Health Tip – Jan. 31 – Music, Theater, Art and Good Health
If you’re a culture vulture – if you paint, dance, play the guitar (or another musical instrument) and appreciate the arts – a Norwegian study suggests that you’re better off physically and psychologically. Cultured citizens there are healthier and less inclined to be depressed than those who don’t dab paint on canvas, dance, or make music. As a matter of fact, the study found that those who simply attend concerts or the theater are healthier and less depressed than those who don’t.
The investigators reached their conclusion after assembling health profiles of more than 48,000 men and women and also collecting blood and urine samples from the participants. They reported that they found less depression among men who engaged in cultural activities, but the data didn’t show less depression among women. Surprisingly, the results held true regardless of the socio-economic status of the group studied – cultural activities had an overall positive effect on an individual’s sense of health and well-being.
The lead investigator said that the health link to cultural activities isn’t strong enough to say that culture actually makes people healthy, but offers some insight on how to think about risk. The findings have not yet been published but were presented at a Norwegian health conference in November, 2009.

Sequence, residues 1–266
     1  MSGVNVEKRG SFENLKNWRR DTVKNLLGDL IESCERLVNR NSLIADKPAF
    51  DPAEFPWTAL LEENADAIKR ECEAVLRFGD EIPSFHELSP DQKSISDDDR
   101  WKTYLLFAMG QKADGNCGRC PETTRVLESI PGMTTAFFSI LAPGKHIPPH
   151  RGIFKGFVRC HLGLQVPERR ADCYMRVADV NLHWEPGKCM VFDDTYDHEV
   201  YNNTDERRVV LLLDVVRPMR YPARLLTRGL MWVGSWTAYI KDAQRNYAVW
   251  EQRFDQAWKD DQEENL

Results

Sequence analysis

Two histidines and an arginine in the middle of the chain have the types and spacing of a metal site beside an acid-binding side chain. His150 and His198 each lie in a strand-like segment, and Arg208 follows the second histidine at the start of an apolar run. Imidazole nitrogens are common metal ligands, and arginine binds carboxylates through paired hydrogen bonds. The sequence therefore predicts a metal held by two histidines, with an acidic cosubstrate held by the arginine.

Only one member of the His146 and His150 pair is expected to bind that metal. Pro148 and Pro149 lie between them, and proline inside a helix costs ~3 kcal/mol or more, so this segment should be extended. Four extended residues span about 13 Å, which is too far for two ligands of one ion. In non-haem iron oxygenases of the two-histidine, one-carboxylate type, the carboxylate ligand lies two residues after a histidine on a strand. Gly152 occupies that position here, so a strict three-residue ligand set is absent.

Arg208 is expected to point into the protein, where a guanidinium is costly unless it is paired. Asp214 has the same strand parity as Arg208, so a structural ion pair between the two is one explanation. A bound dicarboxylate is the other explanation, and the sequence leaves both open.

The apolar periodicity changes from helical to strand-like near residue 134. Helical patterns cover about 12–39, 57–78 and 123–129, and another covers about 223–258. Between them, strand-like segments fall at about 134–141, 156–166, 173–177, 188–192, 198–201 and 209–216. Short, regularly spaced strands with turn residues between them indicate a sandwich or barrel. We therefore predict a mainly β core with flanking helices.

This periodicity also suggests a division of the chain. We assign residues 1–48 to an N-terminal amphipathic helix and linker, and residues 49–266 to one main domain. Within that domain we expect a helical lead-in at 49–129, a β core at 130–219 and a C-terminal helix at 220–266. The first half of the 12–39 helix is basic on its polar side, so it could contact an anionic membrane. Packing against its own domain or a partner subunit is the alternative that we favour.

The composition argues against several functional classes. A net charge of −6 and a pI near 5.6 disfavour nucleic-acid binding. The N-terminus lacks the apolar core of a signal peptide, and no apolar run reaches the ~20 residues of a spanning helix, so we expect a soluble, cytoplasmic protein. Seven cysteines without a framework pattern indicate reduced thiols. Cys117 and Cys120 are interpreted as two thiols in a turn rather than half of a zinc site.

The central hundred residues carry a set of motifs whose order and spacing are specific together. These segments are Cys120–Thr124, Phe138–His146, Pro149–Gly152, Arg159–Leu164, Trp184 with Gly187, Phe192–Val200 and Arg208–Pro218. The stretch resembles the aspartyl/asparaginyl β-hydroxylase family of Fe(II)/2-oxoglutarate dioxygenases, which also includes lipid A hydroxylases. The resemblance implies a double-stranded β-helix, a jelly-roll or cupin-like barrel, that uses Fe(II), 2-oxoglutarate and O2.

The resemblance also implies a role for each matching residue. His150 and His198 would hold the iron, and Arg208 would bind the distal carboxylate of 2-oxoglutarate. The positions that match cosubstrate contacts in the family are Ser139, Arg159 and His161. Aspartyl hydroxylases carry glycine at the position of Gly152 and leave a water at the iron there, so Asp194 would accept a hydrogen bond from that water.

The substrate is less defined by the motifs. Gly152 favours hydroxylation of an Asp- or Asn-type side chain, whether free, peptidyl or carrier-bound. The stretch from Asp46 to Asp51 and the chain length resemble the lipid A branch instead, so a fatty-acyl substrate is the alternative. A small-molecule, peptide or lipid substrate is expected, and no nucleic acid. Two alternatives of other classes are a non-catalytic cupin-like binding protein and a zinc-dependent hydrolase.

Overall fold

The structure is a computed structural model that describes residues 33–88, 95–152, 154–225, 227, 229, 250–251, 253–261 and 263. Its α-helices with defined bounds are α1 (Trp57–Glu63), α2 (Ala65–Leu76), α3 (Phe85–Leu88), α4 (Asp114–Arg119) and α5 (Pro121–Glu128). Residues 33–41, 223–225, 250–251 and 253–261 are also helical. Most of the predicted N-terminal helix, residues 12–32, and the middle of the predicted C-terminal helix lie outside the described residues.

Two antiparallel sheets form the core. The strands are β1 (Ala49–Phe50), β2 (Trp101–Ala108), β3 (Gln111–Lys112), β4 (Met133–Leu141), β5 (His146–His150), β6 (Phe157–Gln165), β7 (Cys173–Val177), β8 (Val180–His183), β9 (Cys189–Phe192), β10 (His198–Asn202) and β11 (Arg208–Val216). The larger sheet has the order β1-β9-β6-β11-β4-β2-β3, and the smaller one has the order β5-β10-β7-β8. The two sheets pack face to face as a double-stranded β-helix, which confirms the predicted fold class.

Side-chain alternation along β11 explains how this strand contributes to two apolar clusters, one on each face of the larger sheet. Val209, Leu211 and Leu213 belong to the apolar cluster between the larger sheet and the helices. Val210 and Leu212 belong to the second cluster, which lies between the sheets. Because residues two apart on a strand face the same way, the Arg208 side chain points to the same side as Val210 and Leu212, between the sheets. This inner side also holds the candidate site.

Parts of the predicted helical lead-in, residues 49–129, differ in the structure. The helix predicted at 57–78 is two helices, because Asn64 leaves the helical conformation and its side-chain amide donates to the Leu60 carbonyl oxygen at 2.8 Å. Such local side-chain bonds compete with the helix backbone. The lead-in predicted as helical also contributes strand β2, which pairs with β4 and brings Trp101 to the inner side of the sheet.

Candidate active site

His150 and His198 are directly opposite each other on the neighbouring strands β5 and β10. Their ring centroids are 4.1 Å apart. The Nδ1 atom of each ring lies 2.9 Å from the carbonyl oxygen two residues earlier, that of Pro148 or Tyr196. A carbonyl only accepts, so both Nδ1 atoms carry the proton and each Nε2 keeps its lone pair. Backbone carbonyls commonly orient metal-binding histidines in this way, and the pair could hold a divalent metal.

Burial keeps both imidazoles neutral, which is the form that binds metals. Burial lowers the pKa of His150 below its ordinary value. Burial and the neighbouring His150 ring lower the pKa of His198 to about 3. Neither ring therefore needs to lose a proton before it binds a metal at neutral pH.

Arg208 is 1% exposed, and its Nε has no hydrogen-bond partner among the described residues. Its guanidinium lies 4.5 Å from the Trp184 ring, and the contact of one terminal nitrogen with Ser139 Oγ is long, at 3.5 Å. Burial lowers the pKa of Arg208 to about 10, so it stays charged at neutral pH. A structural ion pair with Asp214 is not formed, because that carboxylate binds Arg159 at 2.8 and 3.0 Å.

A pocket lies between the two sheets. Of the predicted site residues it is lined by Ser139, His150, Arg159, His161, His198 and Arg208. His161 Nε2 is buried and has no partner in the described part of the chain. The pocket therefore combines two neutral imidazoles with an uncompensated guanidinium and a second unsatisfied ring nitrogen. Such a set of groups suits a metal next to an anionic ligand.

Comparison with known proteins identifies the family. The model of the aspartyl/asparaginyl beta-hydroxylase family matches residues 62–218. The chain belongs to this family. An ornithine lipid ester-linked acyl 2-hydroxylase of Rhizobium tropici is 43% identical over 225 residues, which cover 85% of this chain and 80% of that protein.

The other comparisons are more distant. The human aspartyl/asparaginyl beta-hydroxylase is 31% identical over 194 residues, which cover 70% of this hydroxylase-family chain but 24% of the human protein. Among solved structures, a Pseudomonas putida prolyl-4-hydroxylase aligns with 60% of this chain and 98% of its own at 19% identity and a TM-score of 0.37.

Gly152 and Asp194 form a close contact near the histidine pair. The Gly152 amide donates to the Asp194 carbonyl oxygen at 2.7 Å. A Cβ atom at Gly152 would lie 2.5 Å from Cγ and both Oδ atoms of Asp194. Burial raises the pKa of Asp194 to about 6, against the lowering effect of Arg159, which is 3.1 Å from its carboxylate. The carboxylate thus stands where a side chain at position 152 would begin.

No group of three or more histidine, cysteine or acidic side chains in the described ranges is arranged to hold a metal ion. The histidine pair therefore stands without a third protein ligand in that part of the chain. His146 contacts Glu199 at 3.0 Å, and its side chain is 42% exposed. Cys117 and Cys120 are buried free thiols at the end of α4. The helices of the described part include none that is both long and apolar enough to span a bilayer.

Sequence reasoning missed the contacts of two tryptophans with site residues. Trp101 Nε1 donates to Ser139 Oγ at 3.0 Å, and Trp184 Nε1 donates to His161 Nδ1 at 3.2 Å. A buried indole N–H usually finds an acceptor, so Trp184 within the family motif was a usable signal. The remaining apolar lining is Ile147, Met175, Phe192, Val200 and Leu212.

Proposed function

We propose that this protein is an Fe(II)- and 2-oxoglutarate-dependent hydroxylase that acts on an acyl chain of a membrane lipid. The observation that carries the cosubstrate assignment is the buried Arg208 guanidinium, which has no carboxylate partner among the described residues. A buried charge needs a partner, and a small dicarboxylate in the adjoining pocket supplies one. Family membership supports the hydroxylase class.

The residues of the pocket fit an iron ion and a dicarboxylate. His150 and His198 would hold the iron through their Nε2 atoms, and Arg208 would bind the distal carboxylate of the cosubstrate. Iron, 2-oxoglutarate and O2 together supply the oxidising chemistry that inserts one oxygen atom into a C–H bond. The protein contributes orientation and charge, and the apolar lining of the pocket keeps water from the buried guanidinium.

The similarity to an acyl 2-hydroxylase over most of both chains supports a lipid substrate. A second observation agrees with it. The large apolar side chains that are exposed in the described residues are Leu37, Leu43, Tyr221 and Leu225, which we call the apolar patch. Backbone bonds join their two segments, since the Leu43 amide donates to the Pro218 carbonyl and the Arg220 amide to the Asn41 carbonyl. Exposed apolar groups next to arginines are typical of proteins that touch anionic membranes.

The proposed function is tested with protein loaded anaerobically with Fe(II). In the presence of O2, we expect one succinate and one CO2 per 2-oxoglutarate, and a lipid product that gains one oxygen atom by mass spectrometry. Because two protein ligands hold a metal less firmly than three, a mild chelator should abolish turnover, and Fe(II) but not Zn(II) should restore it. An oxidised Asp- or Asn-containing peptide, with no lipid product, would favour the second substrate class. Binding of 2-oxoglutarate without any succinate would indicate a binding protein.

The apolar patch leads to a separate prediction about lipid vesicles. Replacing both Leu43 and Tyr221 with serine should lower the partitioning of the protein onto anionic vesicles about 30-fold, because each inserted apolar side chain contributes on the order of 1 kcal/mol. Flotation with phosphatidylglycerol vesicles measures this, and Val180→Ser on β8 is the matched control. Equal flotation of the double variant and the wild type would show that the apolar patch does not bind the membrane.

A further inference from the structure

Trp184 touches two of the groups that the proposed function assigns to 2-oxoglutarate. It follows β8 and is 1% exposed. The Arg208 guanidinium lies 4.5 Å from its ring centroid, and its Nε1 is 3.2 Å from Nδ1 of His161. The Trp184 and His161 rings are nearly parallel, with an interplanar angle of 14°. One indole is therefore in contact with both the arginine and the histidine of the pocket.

This interesting study isn’t the first to see a link between culture and health. We’ve known for some time that music can have a powerful effect on mind and body. Hospitals use music therapy to ease pain, boost patients’ moods and counteract depression, and music therapy stimulates nursing home residents and improves the moods of psychiatric patients.
viewing art is a wonderful way to raise your spirits. Paintings, sculpture, architecture and other forms of art can please the senses and nourish your nonphysical being. They can also inspire creativity and excitement, and can be savored as a tangible expression of history.
Going to the theater is just one of the stimulating habits that can keep your mind active and may help reduce the risk of Alzheimer’s disease.
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